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Old 08-24-2017, 02:39 PM
 
3,099 posts, read 824,721 times
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Quote:
Originally Posted by Bayarea4 View Post
I have no regrets because I made the decision that I felt was right for me. At times I feel a bit wistful when Facebook friends brag about their children's and grandchildren's accomplishments or talk about how close they are and wonderful it is to spend time with them. But I knew from a young age that I was not cut out to be a mother and that I shouldn't try.

As for eldercare, I do worry that there won't be anyone to help if I become physically frail. But of course having kids does not guarantee this. I am hoping to find an affordable continuing care facility that offers meals, housekeeping and has higher levels of care available if needed.

What worries me most is my financial health. If I should develop dementia or some other severe condition that limits my ability to handle my affairs, who will keep the records, pay the bills, do my taxes and see that I don't get taken advantage of by caregivers? I have a niece and nephew, but though they are both nice people and well-meaning, neither has the sophistication or the money management skills to take charge. They're the types who spend it as soon as they have it.
As others have posted you have time to make the appropriate financial arrangements perhaps with professionals. I am single and relatively late in life decided to adopt and so now have one almost grown daughter, who is a delight. My greatest fear about dementia is of the emotional burdens that it would impose on her.

Dementia would less of a concern if my daughter were not in my life. My aunt now suffers with Lewys Body dementia that has completely disrupted my cousin's life. During my last visit, I told my cousin that I'd rather shoot myself than do that to my kid. And meant it.

Now that DD is about to graduate from college and I'm getting into my 60s, its about time to revisit the financial planning that was last done many years ago. One complication for us is that we live in an expensive city in a condo whose design and location makes it ideal both for an older adult aging in place *and* for a new adult starting out in life.

We joke that we need to flip coins to see who stays and who goes!
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Old 08-24-2017, 03:08 PM
 
329 posts, read 163,849 times
Reputation: 682
This is a bit morbid, but not having children releases some of the pressure for living for someone else. Assuming I ever got to a point where my parents and spouse and pets had all passed away, I think I'd feel my responsibilities were now done and I had the freedom to choose whether to go on or take matters into my own hands.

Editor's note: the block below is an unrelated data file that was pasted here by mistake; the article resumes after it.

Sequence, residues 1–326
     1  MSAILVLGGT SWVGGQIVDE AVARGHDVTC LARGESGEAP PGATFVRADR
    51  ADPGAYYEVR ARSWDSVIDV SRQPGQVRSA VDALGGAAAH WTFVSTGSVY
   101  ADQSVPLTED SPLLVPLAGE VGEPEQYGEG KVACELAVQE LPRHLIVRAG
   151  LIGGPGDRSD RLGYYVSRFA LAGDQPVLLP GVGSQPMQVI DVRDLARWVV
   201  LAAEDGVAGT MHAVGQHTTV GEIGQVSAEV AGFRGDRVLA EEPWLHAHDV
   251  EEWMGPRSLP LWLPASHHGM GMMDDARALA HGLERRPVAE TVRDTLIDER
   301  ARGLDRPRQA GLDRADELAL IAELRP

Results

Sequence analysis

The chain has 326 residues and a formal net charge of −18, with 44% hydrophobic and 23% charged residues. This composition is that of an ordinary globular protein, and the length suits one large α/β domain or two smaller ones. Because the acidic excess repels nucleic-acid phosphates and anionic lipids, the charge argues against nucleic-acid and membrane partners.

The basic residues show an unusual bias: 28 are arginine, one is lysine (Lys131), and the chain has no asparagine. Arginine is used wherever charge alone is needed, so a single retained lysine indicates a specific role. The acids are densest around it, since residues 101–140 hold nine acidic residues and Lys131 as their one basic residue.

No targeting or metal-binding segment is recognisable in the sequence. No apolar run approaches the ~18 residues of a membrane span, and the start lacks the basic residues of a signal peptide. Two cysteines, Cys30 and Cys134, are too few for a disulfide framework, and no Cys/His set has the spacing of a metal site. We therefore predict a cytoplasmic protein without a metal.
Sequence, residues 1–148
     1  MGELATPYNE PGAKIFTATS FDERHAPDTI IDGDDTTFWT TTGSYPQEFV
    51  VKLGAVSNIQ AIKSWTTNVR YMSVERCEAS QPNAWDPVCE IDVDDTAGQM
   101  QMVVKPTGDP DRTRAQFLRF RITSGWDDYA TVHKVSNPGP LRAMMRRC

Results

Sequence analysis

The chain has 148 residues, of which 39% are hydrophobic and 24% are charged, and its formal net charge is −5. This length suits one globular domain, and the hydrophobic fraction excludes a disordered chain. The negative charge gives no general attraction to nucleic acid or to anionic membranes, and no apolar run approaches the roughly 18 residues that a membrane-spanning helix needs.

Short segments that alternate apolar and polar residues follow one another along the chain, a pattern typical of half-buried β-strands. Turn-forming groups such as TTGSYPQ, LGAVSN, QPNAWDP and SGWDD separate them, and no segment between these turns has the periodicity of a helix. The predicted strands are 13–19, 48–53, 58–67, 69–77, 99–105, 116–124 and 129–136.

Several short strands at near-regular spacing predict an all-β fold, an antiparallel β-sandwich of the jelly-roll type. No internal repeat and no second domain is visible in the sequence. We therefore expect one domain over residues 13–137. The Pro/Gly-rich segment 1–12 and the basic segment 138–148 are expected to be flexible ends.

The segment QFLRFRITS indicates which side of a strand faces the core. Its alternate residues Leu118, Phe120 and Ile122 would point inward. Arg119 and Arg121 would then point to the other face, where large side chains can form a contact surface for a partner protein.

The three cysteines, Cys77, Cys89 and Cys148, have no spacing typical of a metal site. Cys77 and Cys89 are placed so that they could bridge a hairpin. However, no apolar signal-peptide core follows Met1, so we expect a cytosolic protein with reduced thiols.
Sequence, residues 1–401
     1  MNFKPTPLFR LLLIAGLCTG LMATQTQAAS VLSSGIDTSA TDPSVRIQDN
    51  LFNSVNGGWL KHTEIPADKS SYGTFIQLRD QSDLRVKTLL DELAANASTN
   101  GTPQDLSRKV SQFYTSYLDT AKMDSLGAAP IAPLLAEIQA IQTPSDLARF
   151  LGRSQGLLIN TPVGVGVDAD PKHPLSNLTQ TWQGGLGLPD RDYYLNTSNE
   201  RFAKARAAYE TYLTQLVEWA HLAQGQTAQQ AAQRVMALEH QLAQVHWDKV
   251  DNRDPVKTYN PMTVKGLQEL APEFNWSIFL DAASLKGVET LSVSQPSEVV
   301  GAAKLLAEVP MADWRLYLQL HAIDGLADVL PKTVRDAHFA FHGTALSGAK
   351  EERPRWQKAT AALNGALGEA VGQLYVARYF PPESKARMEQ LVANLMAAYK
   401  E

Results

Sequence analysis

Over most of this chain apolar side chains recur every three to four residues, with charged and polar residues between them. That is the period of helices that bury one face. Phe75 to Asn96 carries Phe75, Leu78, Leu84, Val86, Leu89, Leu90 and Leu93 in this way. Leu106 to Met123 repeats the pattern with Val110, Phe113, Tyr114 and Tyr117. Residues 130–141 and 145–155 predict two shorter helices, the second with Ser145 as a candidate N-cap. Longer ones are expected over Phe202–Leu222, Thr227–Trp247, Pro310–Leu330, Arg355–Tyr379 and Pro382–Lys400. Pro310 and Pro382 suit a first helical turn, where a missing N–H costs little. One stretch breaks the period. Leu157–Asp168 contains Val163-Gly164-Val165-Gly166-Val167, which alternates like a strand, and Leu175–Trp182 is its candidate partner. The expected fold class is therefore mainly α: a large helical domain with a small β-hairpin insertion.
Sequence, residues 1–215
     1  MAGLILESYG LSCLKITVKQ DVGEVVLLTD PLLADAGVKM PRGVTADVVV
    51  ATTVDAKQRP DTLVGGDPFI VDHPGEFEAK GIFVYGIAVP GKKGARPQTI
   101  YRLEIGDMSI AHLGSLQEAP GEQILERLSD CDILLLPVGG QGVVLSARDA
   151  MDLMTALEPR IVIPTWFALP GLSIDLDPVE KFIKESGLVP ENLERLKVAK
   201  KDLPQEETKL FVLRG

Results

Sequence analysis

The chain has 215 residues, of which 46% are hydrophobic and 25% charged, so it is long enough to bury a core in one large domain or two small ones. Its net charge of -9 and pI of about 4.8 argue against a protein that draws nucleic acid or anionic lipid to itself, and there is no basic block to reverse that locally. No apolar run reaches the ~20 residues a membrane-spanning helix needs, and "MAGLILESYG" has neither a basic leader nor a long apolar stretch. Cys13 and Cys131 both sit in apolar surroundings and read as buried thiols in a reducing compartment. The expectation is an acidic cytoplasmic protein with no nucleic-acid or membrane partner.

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Old 08-24-2017, 04:27 PM
 
Location: Albuquerque NM
1,661 posts, read 1,527,059 times
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I wanted to get married and have children when I was younger but the marriage part never happened. Actually only one of us six siblings married and I think that is partly due to growing up in a dysfunctional family and having parents who were poor role models. Several of my single friends had children or adopted but I don’t envy them – raising and financially supporting children alone would have been overwhelming for me. As I have gotten older, I have been disappointed at how many of my family and friend’s children have turned out – still dependent on their parents well into their 30’s, narcissistic, and not much ambition - so I now have few regrets about not having children. Guess I’m not one of those who would be content as long as my adult children are happy and provide me grandchildren. And I have to admit that I do not particularly care for young children.

Will I be lonely and regret this decision late in life? Maybe. Some of my friends and siblings have died in the last ten years and I find myself worrying that there will be no one left. But I have always been an independent introvert and have lived alone for many years and am doing okay. There are always cats! I’m financially secure and can afford to pay for senior care. Also I have good relationships with my nephew and nieces so hopefully they will visit me once in a while in the nursing home and make sure that my caretakers are not abusive.
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Old 08-24-2017, 04:52 PM
 
12,825 posts, read 20,148,018 times
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Quote:
Originally Posted by ABQ2015 View Post
I wanted to get married and have children when I was younger but the marriage part never happened. Actually only one of us six siblings married and I think that is partly due to growing up in a dysfunctional family and having parents who were poor role models. Several of my single friends had children or adopted but I donít envy them Ė raising and financially supporting children alone would have been overwhelming for me. As I have gotten older, I have been disappointed at how many of my family and friendís children have turned out Ė still dependent on their parents well into their 30ís, narcissistic, and not much ambition - so I now have few regrets about not having children. Guess Iím not one of those who would be content as long as my adult children are happy and provide me grandchildren. And I have to admit that I do not particularly care for young children.